Navy helps celebrate annual migration at Jacksonville festival e Navy helped celebrate the annual return of the right whale to its calving grounds in Florida and Georgia waters at the Right Whale Festival Nov. 23 at the Pavilion in Jacksonville Beach. Rob Kalin, an operations environmental coordinator for U.S. Fleet Forces Command, said the festival has grown every year. Its a great way to engage kids and parents in a dialogue, and to show them what we do, he said. We do a lot! e Navy is the largest sponsor of marine mammal research in the world. Georgiana Herzberg lives in the Mandarin neighborhood of Jacksonville and said this is the rst time she has been to the Right Whale Festival. I think its important to be aware of the world and our impact on it, Herzberg said. Im concerned about the Navys impact on marine species. Herzberg was impressed with the research the University of North Florida is doing. e UNF booth taught me a lot, and I think the Navy should link up with UNF for research, she said. I know the Navy does research out in California, but linking up with other people is good. Nancy Allen, a marine research specialist for Naval Facilities Engineering Command Southeast, said the Navy has been at the festival every year since it started. Allen and Steve Biemiller, a NAVFAC SE biologist, are regulars at the festival, as is Kalin. Up Periscope Our favorite Christmas movies and shows Page 9 Group 10 Kings Bay submarines get new commander Pages 4, 5 Check us out Online! Five of seven out-of-action battleships would be back at sea over next six monthsBefore dawn on Dec. 7, 1941, the American strategic center of gravity in the Pacific reposed in the seven battleships, then moored along Battleship Row, the six pairs of interrupted quays located along Ford Islands eastern side in Pearl Harbor, Hawaii. Quay F-2, the southernmost, which usually hosted an aircraft carrier, was empty. Northeastward, Battle Force agship California was next, moored at F-3. en came two pairs, moored side by side: Maryland with Oklahoma outboard, and Tennessee with West Virginia outboard. Astern of Tennessee lay Arizona, which had the repair ship Vestal alongside. Last in line was USS Nevada, by itself at quay F-8. ese seven battleships, ranging in age from 18 to 25 years, represented all but two of those available to the Pacic Fleet. e Fleet agship, Pennsylvania, was also in Pearl Harbor, drydocked at the nearby Navy Yard. e ninth, USS Colorado, was undergoing overhaul on the West Coast. Together, these ships were one short of equalling Japans active battleeet. Clearly a worrisome threat to Japanese plans for Pacic Ocean dominance, they were the Japanese raiders priority target. Twenty-four of the 40 Japanese torpedo planes were assigned to attack Battleship Row, and ve more diverted to that side of Ford Island when they found no battleships in their intended target areas. Of these planes 29 Type 91 aerial torpedoes each with a warhead of some 450 pounds of high explosive up to 21 found their targets: two hit California, one exploded against Nevada and as many as nine each struck Oklahoma and West Virginia. e latter two ships sank within minutes of receiving this torpedo damage. Horizontal bombers, armed with heavy armor-piercing bombs, arrived just as the last torpedo planes nished their attacks, and other horizontal and dive bombers came in later. Together, these planes scored many hits or damaging near-misses on the Battleship Row ships: two on California, Maryland and Tennessee; a few on West Virginia. Group 10 hails McNeill Region Sailors uniteCoalition of Sailors Against Destructive Decisions growinge concept of Sailors helping Sailors has been the underlying philosophy of the Coalition of Sailors Against Destructive Decisions since the programs beginnings at Navy Region MidAtlantic in 2010. Since its inception, 300 chapters and thousands of Sailors Navy-wide have joined the coalition to promote good decision-making among peers. Navy Region Southeast accounts for 42 CSADD chapters with more than 800 active participants and that number continues to grow as Sailors throughout the region unite under the coalition. CSADD is a great program that gives junior Sailors a chance to have a positive inuence on their fellow shipmates, said Rear Adm. Rick Williamson, commander, Navy Region Southeast. I think its important for them to have a program like CSADD that oers opportunities for leadership and a system of support. I encourage Sailors throughout the region to get involved and do their part to better themselves and better their shipmates. CSADD is a peer-to-peer Local community leader receives honorary awardDuring the Submarine Group 10 Change of Command ceremony Nov. 22, Sheila McNeill received a huge surprise from outgoing commander Rear Adm. Joseph Tofalo. McNeill, a former national Navy League president and current president of the Camden Partnership, was appointed the title of honorary Submarine Group 10 Commander for her tireless eorts in supporting the Kings Bay military community. In his remarks, Tofalo expressed gratitude to the civilian community surrounding the Kings Bay base. ere are few civilian communities that are as supportive as ours, and its one of those things that just makes you feel great about being an American and living here Southeast Georgia and Northeast Florida, Tofalo said. From the Navy League to the Camden County Partnership, to our congressman, mayors, county ofcials, school districts and rst responders, we are so blessed to have the outstanding community support that we have. Tofalo pressed on the theme of community Whales return to local waters Claus capers Park appearance, breakfast set Page 12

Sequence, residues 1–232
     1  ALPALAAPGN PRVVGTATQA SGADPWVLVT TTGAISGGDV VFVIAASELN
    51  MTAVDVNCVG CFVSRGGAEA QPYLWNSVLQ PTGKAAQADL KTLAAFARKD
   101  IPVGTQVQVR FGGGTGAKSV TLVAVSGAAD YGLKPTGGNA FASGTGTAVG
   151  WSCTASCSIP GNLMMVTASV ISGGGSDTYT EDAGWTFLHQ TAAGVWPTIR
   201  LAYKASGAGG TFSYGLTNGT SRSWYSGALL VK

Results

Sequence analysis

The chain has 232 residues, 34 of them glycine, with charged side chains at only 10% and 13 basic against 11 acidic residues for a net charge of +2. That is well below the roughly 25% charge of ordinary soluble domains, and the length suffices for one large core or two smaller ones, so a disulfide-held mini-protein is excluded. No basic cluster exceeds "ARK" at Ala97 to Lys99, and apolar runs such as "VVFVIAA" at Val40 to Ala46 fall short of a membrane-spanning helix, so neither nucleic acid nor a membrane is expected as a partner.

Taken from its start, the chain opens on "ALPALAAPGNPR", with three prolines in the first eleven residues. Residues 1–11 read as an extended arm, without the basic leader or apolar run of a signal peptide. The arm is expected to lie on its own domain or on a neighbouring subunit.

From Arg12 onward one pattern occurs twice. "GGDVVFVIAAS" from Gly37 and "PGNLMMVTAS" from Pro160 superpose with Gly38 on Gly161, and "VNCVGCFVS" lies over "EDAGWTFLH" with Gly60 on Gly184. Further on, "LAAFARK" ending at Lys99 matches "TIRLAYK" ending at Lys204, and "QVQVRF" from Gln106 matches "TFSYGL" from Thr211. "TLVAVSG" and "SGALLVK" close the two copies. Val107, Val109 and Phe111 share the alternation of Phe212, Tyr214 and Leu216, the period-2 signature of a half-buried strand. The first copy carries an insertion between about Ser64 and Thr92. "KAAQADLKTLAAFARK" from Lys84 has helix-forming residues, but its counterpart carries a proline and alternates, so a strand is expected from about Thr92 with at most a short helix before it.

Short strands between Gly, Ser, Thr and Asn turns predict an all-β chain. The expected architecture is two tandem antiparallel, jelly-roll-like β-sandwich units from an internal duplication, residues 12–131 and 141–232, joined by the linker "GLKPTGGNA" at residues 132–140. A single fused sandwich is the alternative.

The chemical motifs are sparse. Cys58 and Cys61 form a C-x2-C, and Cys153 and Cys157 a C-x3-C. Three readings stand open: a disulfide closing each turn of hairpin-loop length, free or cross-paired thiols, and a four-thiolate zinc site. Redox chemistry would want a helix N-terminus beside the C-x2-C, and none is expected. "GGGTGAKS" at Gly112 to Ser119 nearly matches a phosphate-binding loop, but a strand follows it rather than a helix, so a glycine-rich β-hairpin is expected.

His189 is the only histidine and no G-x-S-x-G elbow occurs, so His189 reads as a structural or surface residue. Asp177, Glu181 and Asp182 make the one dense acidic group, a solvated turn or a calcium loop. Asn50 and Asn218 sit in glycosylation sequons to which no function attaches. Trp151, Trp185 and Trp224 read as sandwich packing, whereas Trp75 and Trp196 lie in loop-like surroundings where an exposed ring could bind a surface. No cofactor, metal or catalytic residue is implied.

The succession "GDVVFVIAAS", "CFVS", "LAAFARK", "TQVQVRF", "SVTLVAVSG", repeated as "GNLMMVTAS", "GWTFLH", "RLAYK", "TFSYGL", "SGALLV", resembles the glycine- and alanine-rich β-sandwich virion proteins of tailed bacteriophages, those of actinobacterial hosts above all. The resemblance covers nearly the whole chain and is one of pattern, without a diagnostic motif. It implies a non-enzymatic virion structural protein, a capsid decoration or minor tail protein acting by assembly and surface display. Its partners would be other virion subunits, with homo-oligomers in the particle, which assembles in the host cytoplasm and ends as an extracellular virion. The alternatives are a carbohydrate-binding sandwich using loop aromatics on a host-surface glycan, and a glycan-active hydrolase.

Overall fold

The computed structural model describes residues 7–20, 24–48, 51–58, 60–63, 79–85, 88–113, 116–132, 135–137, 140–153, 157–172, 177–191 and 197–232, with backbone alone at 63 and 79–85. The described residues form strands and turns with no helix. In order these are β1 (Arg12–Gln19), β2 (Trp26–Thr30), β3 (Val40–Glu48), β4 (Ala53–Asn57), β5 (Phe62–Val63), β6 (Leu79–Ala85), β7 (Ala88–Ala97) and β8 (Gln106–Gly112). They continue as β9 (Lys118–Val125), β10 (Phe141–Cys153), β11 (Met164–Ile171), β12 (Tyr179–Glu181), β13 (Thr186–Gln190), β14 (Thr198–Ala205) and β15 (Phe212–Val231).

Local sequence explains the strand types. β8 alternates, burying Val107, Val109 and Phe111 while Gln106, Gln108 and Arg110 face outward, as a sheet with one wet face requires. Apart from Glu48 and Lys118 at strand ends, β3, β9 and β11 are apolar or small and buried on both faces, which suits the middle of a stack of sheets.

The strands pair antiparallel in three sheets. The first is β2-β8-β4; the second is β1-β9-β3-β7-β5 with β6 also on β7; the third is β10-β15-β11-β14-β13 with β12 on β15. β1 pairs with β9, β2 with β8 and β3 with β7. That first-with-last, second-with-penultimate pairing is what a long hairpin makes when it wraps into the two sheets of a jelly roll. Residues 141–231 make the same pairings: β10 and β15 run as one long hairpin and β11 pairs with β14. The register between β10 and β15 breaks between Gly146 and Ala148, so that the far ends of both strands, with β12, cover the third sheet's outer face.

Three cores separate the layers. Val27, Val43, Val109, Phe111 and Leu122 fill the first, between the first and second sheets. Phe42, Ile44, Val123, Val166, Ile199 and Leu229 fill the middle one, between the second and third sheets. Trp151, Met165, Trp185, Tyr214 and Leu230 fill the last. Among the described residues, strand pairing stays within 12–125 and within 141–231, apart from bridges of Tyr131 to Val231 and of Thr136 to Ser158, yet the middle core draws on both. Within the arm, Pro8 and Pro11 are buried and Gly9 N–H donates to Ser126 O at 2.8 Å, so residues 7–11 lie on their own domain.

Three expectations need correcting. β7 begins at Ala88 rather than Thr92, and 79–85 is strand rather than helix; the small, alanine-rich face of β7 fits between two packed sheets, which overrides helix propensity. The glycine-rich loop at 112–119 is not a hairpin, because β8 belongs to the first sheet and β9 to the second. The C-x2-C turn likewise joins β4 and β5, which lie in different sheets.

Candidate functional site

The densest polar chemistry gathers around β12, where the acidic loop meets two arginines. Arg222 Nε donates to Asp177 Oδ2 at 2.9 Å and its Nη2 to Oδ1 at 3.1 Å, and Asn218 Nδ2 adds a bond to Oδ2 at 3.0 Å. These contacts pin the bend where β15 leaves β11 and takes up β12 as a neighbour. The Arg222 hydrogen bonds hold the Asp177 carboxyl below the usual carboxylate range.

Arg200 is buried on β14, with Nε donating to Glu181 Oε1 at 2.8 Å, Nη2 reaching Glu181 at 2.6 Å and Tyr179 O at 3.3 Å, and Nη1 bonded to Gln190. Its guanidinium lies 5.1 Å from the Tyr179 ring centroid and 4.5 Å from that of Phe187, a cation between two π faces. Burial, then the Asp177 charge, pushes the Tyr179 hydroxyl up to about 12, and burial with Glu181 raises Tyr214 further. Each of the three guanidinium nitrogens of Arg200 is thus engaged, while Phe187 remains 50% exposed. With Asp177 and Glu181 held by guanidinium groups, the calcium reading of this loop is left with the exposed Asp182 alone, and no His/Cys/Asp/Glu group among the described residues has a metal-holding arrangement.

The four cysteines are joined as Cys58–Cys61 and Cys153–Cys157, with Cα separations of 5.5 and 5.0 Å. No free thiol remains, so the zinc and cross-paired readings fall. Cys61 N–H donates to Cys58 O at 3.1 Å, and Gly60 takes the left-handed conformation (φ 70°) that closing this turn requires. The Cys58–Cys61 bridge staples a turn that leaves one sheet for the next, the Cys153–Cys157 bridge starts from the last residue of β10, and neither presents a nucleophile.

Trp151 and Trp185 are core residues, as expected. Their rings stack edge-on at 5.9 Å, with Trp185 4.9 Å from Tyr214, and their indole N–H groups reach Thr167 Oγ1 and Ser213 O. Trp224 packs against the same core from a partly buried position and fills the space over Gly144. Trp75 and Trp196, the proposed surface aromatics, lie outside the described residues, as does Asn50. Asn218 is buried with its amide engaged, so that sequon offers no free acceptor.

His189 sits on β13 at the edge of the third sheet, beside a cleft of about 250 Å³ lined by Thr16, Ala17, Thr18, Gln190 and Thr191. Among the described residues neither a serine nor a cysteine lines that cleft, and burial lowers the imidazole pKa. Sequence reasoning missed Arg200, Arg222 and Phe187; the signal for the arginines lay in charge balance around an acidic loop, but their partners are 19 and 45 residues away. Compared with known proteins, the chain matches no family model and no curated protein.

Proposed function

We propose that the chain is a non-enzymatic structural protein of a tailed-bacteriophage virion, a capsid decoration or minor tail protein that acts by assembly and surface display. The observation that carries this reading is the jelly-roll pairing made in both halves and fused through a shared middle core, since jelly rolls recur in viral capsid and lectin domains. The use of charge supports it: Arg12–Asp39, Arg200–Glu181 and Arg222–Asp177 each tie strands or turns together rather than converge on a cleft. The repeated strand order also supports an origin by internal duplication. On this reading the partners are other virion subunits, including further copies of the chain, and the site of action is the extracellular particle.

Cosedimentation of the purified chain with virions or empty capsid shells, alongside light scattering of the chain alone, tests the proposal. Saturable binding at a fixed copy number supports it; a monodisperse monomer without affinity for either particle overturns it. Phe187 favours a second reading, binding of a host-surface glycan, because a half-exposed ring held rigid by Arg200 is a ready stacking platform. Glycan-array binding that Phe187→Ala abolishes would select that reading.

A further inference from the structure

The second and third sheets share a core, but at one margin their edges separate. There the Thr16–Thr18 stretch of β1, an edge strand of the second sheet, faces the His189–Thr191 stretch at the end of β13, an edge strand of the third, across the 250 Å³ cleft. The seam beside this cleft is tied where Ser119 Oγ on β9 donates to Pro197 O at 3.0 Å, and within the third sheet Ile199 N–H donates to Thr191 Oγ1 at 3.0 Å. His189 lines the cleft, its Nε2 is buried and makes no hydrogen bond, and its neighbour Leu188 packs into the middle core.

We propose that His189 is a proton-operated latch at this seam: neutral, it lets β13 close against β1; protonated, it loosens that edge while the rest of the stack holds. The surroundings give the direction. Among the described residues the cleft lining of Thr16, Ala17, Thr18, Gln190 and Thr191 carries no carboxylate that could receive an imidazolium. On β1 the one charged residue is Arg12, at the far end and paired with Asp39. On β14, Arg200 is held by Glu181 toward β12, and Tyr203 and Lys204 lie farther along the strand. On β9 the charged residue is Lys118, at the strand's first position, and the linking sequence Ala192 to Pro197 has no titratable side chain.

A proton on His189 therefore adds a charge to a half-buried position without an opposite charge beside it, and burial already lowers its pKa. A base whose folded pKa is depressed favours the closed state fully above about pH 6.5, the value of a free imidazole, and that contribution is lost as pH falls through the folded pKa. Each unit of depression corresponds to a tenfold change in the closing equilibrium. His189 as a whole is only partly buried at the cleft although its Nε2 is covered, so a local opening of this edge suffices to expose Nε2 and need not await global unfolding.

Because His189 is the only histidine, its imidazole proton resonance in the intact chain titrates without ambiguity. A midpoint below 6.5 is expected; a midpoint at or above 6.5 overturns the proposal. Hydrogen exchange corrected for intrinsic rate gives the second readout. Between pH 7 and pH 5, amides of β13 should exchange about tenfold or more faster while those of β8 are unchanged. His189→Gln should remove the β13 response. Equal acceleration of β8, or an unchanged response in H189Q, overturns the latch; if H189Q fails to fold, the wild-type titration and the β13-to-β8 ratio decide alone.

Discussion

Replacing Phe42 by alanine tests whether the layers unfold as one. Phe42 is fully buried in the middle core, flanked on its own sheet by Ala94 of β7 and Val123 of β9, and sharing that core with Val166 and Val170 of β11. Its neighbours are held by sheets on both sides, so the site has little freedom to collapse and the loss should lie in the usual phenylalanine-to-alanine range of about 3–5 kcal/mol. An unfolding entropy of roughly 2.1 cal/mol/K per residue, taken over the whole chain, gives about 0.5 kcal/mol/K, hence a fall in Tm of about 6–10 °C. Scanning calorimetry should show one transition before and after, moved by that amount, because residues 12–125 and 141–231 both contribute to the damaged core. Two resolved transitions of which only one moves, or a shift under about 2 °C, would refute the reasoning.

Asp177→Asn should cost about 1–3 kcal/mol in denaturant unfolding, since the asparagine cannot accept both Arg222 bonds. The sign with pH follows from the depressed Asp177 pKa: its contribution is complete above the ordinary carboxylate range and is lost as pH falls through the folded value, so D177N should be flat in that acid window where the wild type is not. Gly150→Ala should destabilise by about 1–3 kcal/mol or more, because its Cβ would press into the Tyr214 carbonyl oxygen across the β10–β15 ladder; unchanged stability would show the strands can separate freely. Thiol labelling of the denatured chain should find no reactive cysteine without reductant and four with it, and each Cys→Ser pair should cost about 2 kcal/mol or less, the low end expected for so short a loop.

2 THE PERISCOPE, NSB KINGS BAY, Thursday, December 5, 2013 e United States Naval Academy Mathematics Department is honored to receive personal papers including books, photographs and other memorabilia of one of the USNAs most successful Trident Scholars, Navy four-star Adm. Donald Lee Pilling. e items were donated by his widow, Dr. Barbara Orbon Pilling, in a dedication ceremony held recently in Chauvenet Hall, USNA in Annapolis, Maryland. e Naval Academy established the Trident Scholar Program in 1963 to provide an exciting opportunity to a select number of exceptional midshipmen to pursue independent study and research during their senior year. is year marks the 50th anniversary of this elite program. e program pairs each Trident Scholar with an assigned faculty adviser and other area specialists to coordinate and supervise a research project. At the end of the academic year, the Trident Scholars present their ndings at a research lecture hosted at the Naval Academy. e most outstanding research project is awarded the Oce of Naval Intelligence Harry E. Ward Trident Scholar prize. Pilling graduated fourth in his 1965 Naval Academy Class with a Bachelor of Science degree in Mathematics and was one of the schools rst Trident Scholars. His Trident Scholar project, Distributivity and Completeness in Implication Algebra, involved the study of partially ordered systems. Under the direction of his adviser, the late Dr. James C. Abbott, Naval Academy Mathematics Department, Pilling won the Harry E. Ward Trident Scholar prize. Pilling went on to earn a Ph.D. in Mathematics from the University of Cambridge, United Kingdom in 1970 with a dissertation, e Algebra of Operators for Regular Events under Dr. John H. Conway, University of Cambridge. His clarity of critical thinking and demonstration of excellence was clearly evident in his early years. He published articles in mathematical and professional journals and was the author of a 1989 Brookings Institution monograph, Com petition in Defense Procurement. Pilling enjoyed a distinguished naval career culminating with a tour as the Navys 30th Vice Chief of Naval Operations in November 1997. He retired as a four-star admiral in October 2000. Adm. Pilling passed away on May 26, 2008 and rests on top of a hill at the Naval Academy Cemetery, overlooking the scenic Annapolis Harbor in Annapolis, Maryland. Admiral Pilling is survived by his wife of 42 years, Dr. Barbara Pilling whose generosity of providing his works is gratefully acknowledged. ey have two daughters, Kathleen Pilling Posivak and Jennifer Pilling Stopkey. e Mathematics Department is truly excited to add this collection of Pillings personal papers to the librarys holdings of materials that continue to motivate, inspire and guide midshipmen. e papers will be immensely valuable to contemporary scholars including faculty, sta and midshipmen, who will have the opportunity to study these documents and use them to supplement their studies of defense acquisition, national security issues, and foreign policy implications for future naval forces. Readers will gain an insight into Admiral Pillings decision making, logical reasoning, and methodical thinking process as well as his legendary intelligence and enduring wit. Book a room at a Navy Lodge for extra holiday guests this year. Guests of the Navy Lodge save 45 percent compared to other hotels and there are no extra person charges. Navy Lodges are the perfect place for guests of military members to stay during the holidays, said Navy Lodge Kings Bay General Manager, Linda Bird. Navy Lodges offer a great value considering all the space, kitchen and other amenities we oer our guests. Guests will also enjoy a free breakfast in the morning along with free Internet access, in-room coee and newspaper. Every Navy Lodge guest room is oversized with queen-sized beds, cable TV with premium channels, a DVD/CD player, direct-dial telephone service, Internet access and a kitchenette complete with microwave, refrigerator and utensils. Navy Lodges also oer housekeeping service, vending machines, convenient on-base parking, video rental service and guest laundry facilities as well as handicapped accessible and all non-smoking rooms. Navy Lodges are conveniently located near other on base amenities, such as the gym, pool, restaurants and Navy Exchange. As an added convenience, select Navy Lodges allow dogs and cats up to 50 pounds in weight to stay when traveling with their owners. Check with the Navy Lodge for more details. To make a reservation at any one of the 41 Navy Lodges around the world, call toll free at (800) 6289466 or you can log onto For other military lodging options, go to THEKINGS BA Y, GEORGIA Local news and views Naval Submarine Base, Kings Bay, Ga. During a security upgrade at Stimson Gate, on Friday, Dec. 6, all outbound lanes will be se cured 7 a.m. to 2:30 p.m. and all inbound lanes will remain open. At 2:30 p.m., all inbound lanes at Stimson Gate will be secured and all outbound lanes will be open until 6:30 p.m. and remain secured over the weekend. Stimson will re-open at 5 a.m., Dec 9. roughout Dec. 9 to 13, the Stimson Gate outbound inside lane will be closed for short periods to accommodate construction. e Franklin and Madison gates remain open Dec. 9 to 13. In additiion, approximately 200 feet before the entry to the Stimson Gate, the two inside lanes, inbound and outbound, will be secured to accommodate road construction in the median. Lane clo sures will be in eect through Dec. 23 or until construction is complete. Both inside lanes will be coned and/or barreled o and the speed limited reduced in the construction zone for the safety and protection of the workers. During peak trac hours backups will occur. Proceed with caution, be alert for construction workers and slow your speeds in this area.Naval Submarine Base Kings Bays Trident Lakes Golf Clubs Golf Tournament sponsored by the Combined Federal Campaign is Friday, Dec. 13, with shotgun starts at 8:30 a.m. and 1 p.m. e event is open to all hands. Format is 4-person Captains Choice. Entry is $35, which includes lunch, green fees and cart. Call (912) 573-8475 for reservations.Naval Submarine Base Kings Bays Commissary will be open 9 a.m. to 3 p.m., Christmas Eve, Dec. 24, and 9 to 6 p.m., New Years Eve, Dec. 31, and is closed Christmas, Dec. 25 and New Years Day, Jan. 1.Kingslands Christmas Tree Lighting will be 5 to 8 p.m., ursday, Dec. 5 at the Kingsland Depot. Pictures with Santa and Mrs. Claus, Christmas caroling, hot coco and cookies, plus snow will be featured.Cookies with Santa is 10 a.m. to noon, Saturday Dec. 7 at the Dolphin Store in Building 1066, 918 James Madison Road, on Naval Submarine Base Kings Bay. e store is open 11 a.m. to 1 p.m. Mondays through Fridays and the the rst and third Saturday of each month, but closed Dec. 22 to Jan. 5. Volunteers are needed. For more information, e-mail St. Marys Christmas Tour of Homes is 5:30 to 9 p.m., Saturday, Dec. 14. Tickets are $15 in advance and $20 the day of the event and can be purchased at the St. Marys Welcome Center or the Kingsland Welcome Center. Other holiday events include Christmas in the Park and the Santa Express Train Rides Dec. 7, an original musical Forever Christmas at eatre by the Trax Dec. 13, 14 and 15 and Cumberland Islands Plum Orchard Christmas Tour Dec. 15. Reservations are limited and should be made in advance. Call (912) 882-4335 for regular 9 a.m. or 11:45 a.m. ferry reservations and pay an additional $6 fee to be included in the Plum Orchard Christmas Tour. For more information, contact the St. Marys Welcome Center at (912) 882-4000 or visit the holidays and due to on-base part ner schools being between terms, the base li brary will have adjusted hours as provided: Open: 10 a.m. to 6 p.m. Dec. 9 to 12, 16 to 19; and 10 a.m. to 4 p.m. Dec. 6, 10, 20.Naval Submarine Base Kings Bay Safety and Cape Fox will be conducting a Teen Driver Improvement class Dec. 27. Class, from 8 a.m. to 1 p.m. at Fluckey Hall, Bldg. 1063, Room 127, is limited to 30; is open to dependents of active duty/reserve/retirees, as well as DOD civilians. Due to the high demand if your signed-up teen driver cannot attend, call to cancel so another future driver can be signed up. Teen drivers/ future drivers need to have either their license or permit and something to write with. is class does not fulll any of the State of Georgia requirements for teen drivers but may help with insurance depending on your insurance provider. To sign up, call Dean Merrill or Russ Prothero at (912) 573-2525 or (912) 573-0414. Now hear this! Navy Lodge oers holiday values Navy Lodge Admirals papers going to Academy Naval Academy Navy Recruiting District Jacksonville Navy Recruiting District Jacksonville hosted a Physician Assistant recruiting event Nov. 7. Dozens of students from Nova Southeastern University, with an interest in pursuing a career in Navy Medicine, attended. e event oered students the opportunity to learn about a career in Navy medicine as a commissioned ocer in the Medical Service Corps as a Physician Assistant. ey were invited by the Ocer Programs Health Care Recruiter and presented the many career options for Physician Assistant and Health Services Collegiate Program. Under the PA program, candidates are potentially eligible to receive tuition assistance through HSCP or possibly bonus funds to repay graduate school loans through the Health Professions Loan Repayment Program. HSCP provides nancial incentives for college students in designated health care professions to complete degree and certication requirements and obtain a commission in the Medical Corps, Dental Corps, or Medical Service Corps. e recruiting event was very informative, said Amanda Flynn, a student at NSU. Im still very open to serving in the military. I have to nish my clinical rotations before making a nal decision. If applying as a new graduate, qualifying candidates are then commissioned as a lieutenant junior grade in the Navys Medical Service Corps. e U.S. Navy is a wide open organization, said Lt. Cmdr. Kenneth Meehan, Orthopedic Physician Assistant, Naval Hospital Jacksonville. ere are tons of opportunities to succeed in this organization regardless of race, religion or gender. According to Meehan, the goal is to give college students more information so they can decide for the right reasons why service in the Navy is a great potential career path for them. Lt. Rick Baer, Navy Nurse Corps Ocer Healthcare Recruiter, noted that there was no pressure for the students to make the decision to commission into the military immediately. Time is of the essence and anything we can do to help people with a timely decision is crucial as these very competitive programs ll quickly, said Baer. Meehan spoke at length to students of NSU on his 32-year career and how service has given him personal fulllment. e honor of serving and being a part of something bigger than myself, Meehan said. I have the honor of serving heroes. Meehan wanted potential candidates to understand they will be a part of a brotherhood of Navy medicine. Members of Navy Medical Service Corps, care for Sailors, Marines and their families. ey also assist in U.S. Navy medical emergency and disaster relief missions worldwide. ere is friendship and loyalty in the military that you wont nd anywhere else. said Meehan. Nationally, only 17 people will qualify for HSCP this scal year and only ve people will qualify as new graduates or practicing professionals. Ryan Winkgco is the son of a former military service member. Winkgco voiced his interest in physical therapy and wanted more information on the fellowship aspects of the presentation. Im very interested in serving in the military, Winkgco said. Once selected for the program, candidates will be enlisted by their recruiting district and assigned to the nearest Navy Recruiting District, and placed on an active duty status as an E-6, Ocer Candidate First Class. For more information on ocer healthcare recruitment programs contact Lt. Rick Baer at (904) 3473320 ext. 312 or e-mail fredrick. assistants being recruited Jacksonville Recruiting